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Powers of Attorney

Powers of Attorney

Our lawyers are approachable and friendly and will explain everything relating to Powers of Attorney clearly and in plain English.

What is a Power of Attorney?

A Power of Attorney is a written document which allows you to appoint certain people to take actions or make decisions on your behalf in relation to your finances, your welfare, or both. These people become your Attorneys and it is up to you to decide what powers the Attorneys should have in relation to your affairs and when they should be able to act.

When can a Power of Attorney be granted?

A Power of Attorney can only be granted if the person making it is able to understand and explain their wishes.  If the person is unable to understand the process and explain their wishes, then it is likely that they will be deemed to have lost capacity and they will be unable to grant a Power of Attorney.  In such circumstances, then it may be that a Guardianship Order will require to be sought through the courts in order that their welfare and finances are safeguarded.

A Power of Attorney allows a person to state in advance who they would like to make financial and welfare decisions on their behalf should they ever become incapable of making those decisions themselves.  A Power of Attorney will continue until they are either revoked by the person granting it or by the death of the granter.

Types of Power of Attorney

There are two different types of powers which can be granted in a Power of Attorney:

  • A “Continuing Power” of Attorney covers decisions about your money and property,
  • A “Welfare” Power of Attorney is used for decisions relating to your future health, care and your personal welfare.

While a Continuing Power of Attorney can be used to help you deal with financial matters before you are incapable of dealing with them yourself, a Welfare Power of Attorney can only be made once you are no longer able to make these decisions for yourself.

Who can act as Attorneys?

In reality, anyone can be an Attorney provided they have attained the age of 16 years and they themselves hold legal capacity.  Whilst it is for you to decide who you would like to appoint as your Attorneys, we can give you guidance if you have any concerns or queries as to whom that should be.  Whilst obvious choices might be trusted friends and family members, it is advisable to first check with them that they are willing and feel able to take on that responsibility.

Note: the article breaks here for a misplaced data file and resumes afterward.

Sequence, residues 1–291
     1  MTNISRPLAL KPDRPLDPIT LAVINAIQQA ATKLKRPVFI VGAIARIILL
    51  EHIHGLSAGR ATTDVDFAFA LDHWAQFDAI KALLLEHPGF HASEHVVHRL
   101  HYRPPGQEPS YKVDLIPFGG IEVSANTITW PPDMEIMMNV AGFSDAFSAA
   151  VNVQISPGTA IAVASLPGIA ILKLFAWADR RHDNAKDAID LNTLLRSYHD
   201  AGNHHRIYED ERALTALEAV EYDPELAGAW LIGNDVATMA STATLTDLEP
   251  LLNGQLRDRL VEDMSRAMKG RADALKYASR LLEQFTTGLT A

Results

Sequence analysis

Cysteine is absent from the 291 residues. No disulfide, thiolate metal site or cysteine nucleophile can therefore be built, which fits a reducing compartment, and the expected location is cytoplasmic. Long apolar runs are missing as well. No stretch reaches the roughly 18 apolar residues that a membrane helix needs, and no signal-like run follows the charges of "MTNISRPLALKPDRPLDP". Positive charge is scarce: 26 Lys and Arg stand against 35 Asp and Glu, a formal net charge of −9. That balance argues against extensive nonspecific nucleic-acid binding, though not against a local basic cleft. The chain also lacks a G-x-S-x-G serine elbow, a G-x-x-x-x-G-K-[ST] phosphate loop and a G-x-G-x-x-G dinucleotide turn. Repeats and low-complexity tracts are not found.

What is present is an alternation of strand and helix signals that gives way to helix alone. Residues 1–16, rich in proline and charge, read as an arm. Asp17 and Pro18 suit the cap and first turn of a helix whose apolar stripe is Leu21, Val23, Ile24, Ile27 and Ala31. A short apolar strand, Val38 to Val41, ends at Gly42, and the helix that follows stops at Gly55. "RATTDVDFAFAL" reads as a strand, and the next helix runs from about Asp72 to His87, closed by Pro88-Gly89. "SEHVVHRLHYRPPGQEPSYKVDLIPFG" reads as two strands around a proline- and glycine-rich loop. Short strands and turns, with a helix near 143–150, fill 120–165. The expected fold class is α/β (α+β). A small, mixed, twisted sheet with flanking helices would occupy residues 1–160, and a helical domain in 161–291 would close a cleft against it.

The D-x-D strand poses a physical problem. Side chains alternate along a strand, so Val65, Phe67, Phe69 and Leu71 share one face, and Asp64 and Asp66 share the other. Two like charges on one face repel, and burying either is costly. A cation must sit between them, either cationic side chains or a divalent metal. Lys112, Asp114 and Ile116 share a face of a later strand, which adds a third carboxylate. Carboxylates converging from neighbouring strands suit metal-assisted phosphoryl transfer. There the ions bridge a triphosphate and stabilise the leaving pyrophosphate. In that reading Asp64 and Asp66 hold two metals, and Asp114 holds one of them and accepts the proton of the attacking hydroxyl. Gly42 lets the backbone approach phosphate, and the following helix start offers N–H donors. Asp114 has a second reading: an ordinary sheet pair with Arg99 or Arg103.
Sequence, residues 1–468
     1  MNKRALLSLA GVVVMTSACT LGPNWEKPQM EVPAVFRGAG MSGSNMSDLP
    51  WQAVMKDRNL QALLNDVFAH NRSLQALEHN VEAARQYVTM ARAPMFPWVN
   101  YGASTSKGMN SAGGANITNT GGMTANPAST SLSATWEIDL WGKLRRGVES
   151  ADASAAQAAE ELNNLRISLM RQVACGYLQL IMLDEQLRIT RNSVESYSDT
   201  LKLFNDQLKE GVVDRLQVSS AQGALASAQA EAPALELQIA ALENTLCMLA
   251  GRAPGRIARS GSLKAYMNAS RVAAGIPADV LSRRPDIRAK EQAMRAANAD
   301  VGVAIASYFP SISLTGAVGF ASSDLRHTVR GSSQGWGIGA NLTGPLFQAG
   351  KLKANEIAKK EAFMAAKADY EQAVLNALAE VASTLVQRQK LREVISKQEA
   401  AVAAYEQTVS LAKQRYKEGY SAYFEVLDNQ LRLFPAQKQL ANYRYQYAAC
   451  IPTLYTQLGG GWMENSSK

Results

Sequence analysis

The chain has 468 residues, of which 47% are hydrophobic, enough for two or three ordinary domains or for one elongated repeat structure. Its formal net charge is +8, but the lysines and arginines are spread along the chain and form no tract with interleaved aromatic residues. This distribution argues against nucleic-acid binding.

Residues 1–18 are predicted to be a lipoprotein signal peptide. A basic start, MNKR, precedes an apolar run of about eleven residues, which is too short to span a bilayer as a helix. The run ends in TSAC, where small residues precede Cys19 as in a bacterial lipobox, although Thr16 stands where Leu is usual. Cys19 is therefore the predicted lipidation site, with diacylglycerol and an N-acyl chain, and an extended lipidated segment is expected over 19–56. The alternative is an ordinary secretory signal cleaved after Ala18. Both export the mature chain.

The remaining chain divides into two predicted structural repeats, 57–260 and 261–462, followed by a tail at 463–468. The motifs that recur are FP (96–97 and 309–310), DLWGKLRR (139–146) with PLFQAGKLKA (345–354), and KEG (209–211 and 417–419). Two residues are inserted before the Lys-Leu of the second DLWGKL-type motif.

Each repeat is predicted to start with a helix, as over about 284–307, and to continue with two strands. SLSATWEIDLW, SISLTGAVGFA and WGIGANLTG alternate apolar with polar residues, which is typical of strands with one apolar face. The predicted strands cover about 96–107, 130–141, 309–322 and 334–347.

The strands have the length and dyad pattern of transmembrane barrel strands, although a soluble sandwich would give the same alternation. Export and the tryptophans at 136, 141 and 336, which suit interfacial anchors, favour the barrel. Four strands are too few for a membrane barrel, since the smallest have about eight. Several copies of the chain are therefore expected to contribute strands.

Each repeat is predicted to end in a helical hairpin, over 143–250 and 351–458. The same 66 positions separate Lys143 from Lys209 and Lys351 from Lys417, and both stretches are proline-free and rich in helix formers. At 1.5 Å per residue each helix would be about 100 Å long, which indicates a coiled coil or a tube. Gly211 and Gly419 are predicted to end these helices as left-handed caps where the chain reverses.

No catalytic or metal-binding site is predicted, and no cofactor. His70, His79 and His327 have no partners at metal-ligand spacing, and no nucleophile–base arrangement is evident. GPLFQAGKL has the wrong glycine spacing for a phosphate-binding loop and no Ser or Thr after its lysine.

We can also discuss with you the types of powers you wish to grant your Attorneys and when and how those powers should be used.

Who is likely to need a Power of Attorney?

Everyone should consider making a Power Of Attorney regardless of their age or health.  In some cases, a person’s capacity to manage their affairs may become gradually diminished, for example as they grow older.  In other cases, a loss of capacity can happen suddenly as a consequence of an accident or illness.

Some people grant Continuing Powers of Attorney to cover situations where they may be away or out of the country for significant periods of time, which enables their Attorney to tend to their personal and financial affairs in their absence.  Either way, it is better for you to be prepared for all eventualities.  See more here

How is a Power of Attorney created?

Three steps must be completed for a Power of Attorney to be created:

  • Written Document

The precise powers that the Granter wishes their Attorney to have must be set out in a written document. Whether the powers are continuing, welfare or both must be stated clearly, and the document must be signed by the Granter.  You should seek the advice of a solicitor to make sure this is appropriately drafted.

  • Certificate of Capacity

The document must be signed by a solicitor or a GP confirming that they have spoken with the Granter immediately before they signed the papers and are confident that they understand the document.  It must also be confirmed that the Granter has not been unduly influenced by third parties.

  • Registration

The Power of Attorney must then be registered with the Office of the Public Guardian for Scotland.

We will guide you through the process of putting a Power of Attorney in place and will help you to decide which powers you would like to include.

To make an appointment with our lawyers based in Alloa and Falkirk, call us today on 01324 622 888 or complete our online enquiry form and let us see how we can help you.